Compared to other IT sectors, BI leadership seems to be wonderfully represented by females, particularly in industry thought leadership.Look at the work of Jill Dyche, Barbara Wixom, Kathleen Wilhide, Margy Ross or Claudia Imhoff to name just a few. Among BI vendors, women are in senior leadership positions at Business Objects, Hyperion, and HyperRoll, although admittedly, there is less representation in product development roles. And in the customer base, hearing such visionary CIOs and BI Managers as Twila Day of Sysco Foods, Celia Fuller of Blue Cross Blue Shield of NC, Janet Hendrix of Nationwide speak at industry conferences is nothing short of inspiring.
Frankly, I think BI is the best place for women. While it may be politically incorrect to say so, men and women are different. BI is a field that demands an extremely diverse mix of skills including technical, business and interpersonal. Quietly coding even a single report in isolation generally leads to failure.
In a politically sensitive landscape, it seems okay to say that men and women are different, but any attempts to say how or why is taboo. In debating these recent research findings offline, one of my male counterparts said "even discussing such issues is asking for trouble." So call me sexist, but I'll argue that women bring a greater degree of insight and communication skills that are critical to BI (maybe I'm perpetuating stereotypes or maybe brain differences do explain some of our unique strengths and weaknesses.) For example, in a recent BI strategy session with a customer, hostilities where high between two male members of the team, one who was a data warehouse advocate, and one who had met the business needs for years by developing custom reports. Hostilities had been escalating for months, with neither party willing to back down or address the situation. In my first meeting with the team, it was obvious that job security, pride, and power struggles were at issue here. My suggestion: we needed to do a team dinner and discuss the concerns in a non threatening environment. Going to a hockey game would have done the trick as well.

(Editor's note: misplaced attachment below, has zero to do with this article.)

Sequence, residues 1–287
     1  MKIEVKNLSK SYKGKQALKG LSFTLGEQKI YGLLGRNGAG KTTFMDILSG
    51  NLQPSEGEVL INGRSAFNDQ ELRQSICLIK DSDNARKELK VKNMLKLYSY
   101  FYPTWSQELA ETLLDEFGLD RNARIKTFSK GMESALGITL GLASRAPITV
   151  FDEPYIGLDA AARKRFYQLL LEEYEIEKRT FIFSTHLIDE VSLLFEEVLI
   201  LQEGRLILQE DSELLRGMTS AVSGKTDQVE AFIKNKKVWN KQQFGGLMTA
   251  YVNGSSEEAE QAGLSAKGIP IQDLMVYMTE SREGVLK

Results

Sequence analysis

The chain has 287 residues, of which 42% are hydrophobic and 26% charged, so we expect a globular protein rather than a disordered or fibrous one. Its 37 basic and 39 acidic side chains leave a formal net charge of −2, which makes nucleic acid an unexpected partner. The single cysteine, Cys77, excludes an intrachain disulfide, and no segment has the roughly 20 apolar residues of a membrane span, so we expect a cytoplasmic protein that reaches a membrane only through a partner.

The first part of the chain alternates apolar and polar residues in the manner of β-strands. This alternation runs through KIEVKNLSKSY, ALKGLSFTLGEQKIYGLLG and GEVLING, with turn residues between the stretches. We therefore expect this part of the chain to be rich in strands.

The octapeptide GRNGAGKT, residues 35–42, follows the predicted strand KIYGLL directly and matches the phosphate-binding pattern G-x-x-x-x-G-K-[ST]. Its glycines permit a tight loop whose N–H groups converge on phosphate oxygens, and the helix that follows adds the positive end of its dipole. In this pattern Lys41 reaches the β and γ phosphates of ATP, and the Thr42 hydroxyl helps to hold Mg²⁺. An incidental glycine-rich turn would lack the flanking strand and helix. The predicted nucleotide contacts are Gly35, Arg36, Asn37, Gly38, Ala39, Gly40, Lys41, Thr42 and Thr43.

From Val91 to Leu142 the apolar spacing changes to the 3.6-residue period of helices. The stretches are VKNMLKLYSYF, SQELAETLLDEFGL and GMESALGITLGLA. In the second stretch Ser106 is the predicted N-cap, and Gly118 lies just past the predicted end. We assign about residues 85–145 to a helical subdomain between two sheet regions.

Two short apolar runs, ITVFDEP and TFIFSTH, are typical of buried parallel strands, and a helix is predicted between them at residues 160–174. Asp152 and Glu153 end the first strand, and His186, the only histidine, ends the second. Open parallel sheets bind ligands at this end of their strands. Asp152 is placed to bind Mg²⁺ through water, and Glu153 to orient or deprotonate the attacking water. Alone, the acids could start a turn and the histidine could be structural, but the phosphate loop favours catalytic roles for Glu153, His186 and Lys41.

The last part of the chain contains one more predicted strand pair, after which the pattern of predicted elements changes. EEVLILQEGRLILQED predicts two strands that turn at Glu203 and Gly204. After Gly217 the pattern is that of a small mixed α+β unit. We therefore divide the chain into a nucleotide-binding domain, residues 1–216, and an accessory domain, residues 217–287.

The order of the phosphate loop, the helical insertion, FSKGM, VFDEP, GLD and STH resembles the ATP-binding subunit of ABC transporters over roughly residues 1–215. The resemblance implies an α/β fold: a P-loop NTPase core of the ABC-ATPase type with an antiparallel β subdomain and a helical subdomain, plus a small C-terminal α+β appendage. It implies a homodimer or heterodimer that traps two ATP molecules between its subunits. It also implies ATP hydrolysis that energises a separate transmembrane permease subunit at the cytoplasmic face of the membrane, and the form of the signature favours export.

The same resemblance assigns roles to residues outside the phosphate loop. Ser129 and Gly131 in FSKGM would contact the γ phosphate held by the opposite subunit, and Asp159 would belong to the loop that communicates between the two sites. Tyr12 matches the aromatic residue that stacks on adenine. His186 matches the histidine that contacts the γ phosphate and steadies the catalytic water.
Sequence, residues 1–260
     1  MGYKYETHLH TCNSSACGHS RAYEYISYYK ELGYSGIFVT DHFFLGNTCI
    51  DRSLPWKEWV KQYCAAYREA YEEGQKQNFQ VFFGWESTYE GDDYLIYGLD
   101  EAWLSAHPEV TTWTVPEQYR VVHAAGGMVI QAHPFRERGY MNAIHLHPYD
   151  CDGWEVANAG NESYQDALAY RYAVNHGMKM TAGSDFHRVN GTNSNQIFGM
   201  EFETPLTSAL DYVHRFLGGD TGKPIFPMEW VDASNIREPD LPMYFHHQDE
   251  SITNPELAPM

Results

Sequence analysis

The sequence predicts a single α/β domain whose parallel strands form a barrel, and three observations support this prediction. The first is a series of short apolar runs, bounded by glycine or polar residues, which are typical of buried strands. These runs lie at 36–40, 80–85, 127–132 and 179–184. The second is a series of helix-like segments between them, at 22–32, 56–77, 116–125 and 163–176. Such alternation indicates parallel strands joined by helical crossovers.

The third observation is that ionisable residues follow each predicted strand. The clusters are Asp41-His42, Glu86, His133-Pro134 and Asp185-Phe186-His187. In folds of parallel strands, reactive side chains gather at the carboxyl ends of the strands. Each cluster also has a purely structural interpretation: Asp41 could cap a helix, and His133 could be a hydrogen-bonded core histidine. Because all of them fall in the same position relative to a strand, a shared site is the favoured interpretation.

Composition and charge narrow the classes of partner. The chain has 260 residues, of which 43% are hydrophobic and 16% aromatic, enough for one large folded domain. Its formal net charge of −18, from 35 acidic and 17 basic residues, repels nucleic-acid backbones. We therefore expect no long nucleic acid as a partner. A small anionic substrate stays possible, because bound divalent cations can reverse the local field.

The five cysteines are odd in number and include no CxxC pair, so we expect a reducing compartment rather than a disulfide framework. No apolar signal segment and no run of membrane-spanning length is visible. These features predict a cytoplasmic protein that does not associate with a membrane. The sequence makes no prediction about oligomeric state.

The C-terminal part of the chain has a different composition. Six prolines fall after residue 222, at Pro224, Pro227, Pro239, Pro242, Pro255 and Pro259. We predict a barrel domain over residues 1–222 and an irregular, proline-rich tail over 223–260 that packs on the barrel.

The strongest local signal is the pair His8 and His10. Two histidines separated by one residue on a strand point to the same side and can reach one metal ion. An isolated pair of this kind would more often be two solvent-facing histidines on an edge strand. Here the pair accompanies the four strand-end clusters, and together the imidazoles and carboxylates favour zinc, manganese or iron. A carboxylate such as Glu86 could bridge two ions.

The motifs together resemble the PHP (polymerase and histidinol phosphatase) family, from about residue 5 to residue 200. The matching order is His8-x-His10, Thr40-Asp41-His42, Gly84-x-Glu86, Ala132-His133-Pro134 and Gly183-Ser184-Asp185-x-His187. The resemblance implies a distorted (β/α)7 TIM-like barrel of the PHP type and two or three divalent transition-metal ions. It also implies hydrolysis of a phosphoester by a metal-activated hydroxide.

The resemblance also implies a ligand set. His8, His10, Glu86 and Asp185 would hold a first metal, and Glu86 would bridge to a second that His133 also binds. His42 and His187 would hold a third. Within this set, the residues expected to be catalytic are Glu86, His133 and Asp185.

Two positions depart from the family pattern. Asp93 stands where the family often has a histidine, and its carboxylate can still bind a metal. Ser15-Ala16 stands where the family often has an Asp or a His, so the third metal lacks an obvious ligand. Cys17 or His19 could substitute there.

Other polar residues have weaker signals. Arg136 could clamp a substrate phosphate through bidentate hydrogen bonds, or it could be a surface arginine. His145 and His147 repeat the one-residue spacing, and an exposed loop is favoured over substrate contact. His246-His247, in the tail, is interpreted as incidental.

Yes, there are many men out there who just as quickly could have diagnosed this problem, so if you want to argue that men are equally insightful and sensitive (or concerned about a bad hair day), I'll accept that. But I hope you will agree, whatever our strengths and weaknesses, we are different. When diverse teams are brought together, it leads to more creativity, a key ingredient for successful business intelligence. If you think this doesn't affect performance, consider this research from Catalyst: profits are higher at companies with diverse management teams than companies without gender diversity.
I challenge you to look at your BI team: how diverse is your team? And are you paying the men on your BI program more than you are paying the women - why?
Reminder: take this 10-minute survey on successful BI and you will be entered into a drawing for a Bose headset. Ironically, I never though to ask how gender diversity has affected BI success - but you could always write that in "other"!
Cindi Howson Founder, BIScorecard product evaluations, author of Business Objects XI R2: The Complete Reference, and TDWI instructorI want to highlight a piece of recent news from CIO Insight: women are leaving IT. There are no studies as to why this is happening, only the fact that it is. Fortunately for women in BI, it looks like our role in this segment of IT remains steady at 28 percent... Compared to other IT sectors, BI seems to be wonderfully represented by females, particularly in industry thought leadership.